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He has some valid points, but it ultimately depends on customer needs and budget. Mine is 25 years old and to me, is the equivalent of a 200K mile old car. I need reliability with minimal hassle, so I am electing to replace.


That is sorta what one contractor suggested - an air scoop to divert more air flow to the 2nd story plus a dampener door for the winter months. I'm trying to avoid a true "zone setup" since the ductwork is already a bit undersized for the house.


HVAC performance to the second floor could definitely be improved, but it is not dire enough to justify spending $20K for a second system. If I can make the existing setup a bit better for a minor additional cost, that would make more financial sense.


Temperature distribution throughout the house is currently an issue. The situation isn't dire, but if it can be improved for a small amount of money, then I will give it some serious consideration. Replacing windows is probably a $50K+ affair that I'm hoping to avoid, at least for now. For some of the systems, a 10-yr extended labor warranty is only $700 and I am hoping to be out of this house before that expires.



Original windows, hoping to avoid replacement for now. This is a very large expense. Current system does not have damper doors.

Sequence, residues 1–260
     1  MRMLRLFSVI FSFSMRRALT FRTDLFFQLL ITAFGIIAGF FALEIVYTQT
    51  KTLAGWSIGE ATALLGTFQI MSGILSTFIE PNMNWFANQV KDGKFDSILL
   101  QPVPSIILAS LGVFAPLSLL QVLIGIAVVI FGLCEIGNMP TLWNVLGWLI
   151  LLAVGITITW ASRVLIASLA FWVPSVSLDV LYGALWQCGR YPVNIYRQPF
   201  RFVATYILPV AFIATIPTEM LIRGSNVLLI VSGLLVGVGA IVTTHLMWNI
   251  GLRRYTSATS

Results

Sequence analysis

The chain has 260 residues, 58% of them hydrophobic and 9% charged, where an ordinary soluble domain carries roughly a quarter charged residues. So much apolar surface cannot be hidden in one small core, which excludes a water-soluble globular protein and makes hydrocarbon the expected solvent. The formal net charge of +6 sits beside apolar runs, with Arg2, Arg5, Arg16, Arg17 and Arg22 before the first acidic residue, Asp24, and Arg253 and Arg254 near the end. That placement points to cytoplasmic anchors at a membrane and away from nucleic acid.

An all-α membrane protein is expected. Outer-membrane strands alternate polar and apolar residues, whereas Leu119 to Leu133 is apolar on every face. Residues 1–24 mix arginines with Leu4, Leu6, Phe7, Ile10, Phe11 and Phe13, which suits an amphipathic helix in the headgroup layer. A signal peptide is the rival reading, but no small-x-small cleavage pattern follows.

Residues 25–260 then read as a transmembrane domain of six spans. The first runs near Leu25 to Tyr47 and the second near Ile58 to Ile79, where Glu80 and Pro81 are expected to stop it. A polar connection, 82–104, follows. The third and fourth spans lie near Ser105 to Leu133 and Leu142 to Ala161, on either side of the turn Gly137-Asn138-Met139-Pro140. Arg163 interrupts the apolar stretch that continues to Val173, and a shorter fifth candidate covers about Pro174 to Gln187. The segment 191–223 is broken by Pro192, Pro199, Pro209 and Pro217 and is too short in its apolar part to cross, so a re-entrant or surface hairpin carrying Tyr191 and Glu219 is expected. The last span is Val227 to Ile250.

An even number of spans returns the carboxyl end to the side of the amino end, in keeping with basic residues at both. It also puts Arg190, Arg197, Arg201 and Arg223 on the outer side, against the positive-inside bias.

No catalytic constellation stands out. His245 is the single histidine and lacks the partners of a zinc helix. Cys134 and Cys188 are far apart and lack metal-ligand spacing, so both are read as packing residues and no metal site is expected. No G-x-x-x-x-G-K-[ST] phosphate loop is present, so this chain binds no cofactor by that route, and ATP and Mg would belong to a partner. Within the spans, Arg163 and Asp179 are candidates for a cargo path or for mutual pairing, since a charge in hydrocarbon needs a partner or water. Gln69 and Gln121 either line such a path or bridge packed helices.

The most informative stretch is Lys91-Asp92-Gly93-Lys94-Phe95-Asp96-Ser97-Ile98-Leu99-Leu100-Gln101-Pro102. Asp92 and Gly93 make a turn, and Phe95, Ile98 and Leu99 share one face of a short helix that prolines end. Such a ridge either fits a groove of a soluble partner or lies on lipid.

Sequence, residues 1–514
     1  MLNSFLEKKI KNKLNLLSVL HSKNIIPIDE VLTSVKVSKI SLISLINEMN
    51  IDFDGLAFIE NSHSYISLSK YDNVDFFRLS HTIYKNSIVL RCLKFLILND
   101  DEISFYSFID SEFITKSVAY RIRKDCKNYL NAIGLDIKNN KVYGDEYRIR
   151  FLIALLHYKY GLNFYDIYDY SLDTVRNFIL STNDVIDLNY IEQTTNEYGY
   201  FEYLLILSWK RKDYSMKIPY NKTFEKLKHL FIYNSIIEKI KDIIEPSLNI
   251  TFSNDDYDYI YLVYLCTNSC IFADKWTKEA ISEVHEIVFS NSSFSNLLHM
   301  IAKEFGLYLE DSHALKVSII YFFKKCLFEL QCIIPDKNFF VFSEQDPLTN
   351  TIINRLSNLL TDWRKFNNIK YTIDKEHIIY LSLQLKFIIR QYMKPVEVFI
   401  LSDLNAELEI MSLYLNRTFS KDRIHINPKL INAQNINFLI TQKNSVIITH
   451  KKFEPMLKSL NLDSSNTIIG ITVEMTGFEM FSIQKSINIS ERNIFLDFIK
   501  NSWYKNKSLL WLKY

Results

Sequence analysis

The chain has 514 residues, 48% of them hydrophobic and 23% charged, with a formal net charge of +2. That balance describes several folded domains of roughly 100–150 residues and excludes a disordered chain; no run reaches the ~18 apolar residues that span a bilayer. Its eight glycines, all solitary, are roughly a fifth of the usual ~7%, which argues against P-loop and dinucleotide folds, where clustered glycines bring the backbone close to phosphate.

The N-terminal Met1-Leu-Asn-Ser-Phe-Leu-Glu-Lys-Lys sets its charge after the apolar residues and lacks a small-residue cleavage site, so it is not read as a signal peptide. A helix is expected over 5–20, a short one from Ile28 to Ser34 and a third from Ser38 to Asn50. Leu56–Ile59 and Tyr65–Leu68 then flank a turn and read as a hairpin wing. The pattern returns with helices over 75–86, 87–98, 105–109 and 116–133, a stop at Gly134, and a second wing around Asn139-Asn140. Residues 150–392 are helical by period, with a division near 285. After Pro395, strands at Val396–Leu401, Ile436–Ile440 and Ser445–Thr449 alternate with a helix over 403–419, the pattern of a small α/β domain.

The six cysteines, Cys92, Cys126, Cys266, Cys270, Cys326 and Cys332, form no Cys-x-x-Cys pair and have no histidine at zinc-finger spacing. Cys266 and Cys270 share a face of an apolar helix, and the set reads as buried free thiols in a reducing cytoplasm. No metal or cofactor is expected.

4-ton A/C unit. Supposedly real R22 was used. I paid $400 for each top-off.


All 3 quotes have included "HERS testing" and re-sealing ducts as-needed. Is this the same thing?

I do plan to improve the attic insulation at some point.
Curious as to the origin of the freon leak and cost to repair / replace the leaking part vs. new system
 
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JC1

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Critic,

Maybe you should get a thermal camera to have a look into the walls in those rooms to see if there are any major issues with the insulation etc. Even if you upgrade the HVAC those problems may still exist. Even if you don't fix those issues right away at least you know what's going on behind the walls.

I'm in process of fixing the crappy insulation in my 2 car garage. I've added extra rigid styrofoam and roxul where I could and added cellulose into the walls where no insulation existed. I already see a big difference in the temps in the bedroom above the garage.
 

The Critic

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Critic,

Maybe you should get a thermal camera to have a look into the walls in those rooms to see if there are any major issues with the insulation etc. Even if you upgrade the HVAC those problems may still exist. Even if you don't fix those issues right away at least you know what's going on behind the walls.

I'm in process of fixing the crappy insulation in my 2 car garage. I've added extra rigid styrofoam and roxul where I could and added cellulose into the walls where no insulation existed. I already see a big difference in the temps in the bedroom above the garage.
I do plan to improve the insulation, but that will be further down the road. One of the upstairs rooms resides over the garage and the heat from the garage can definitely be felt.
 
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The Critic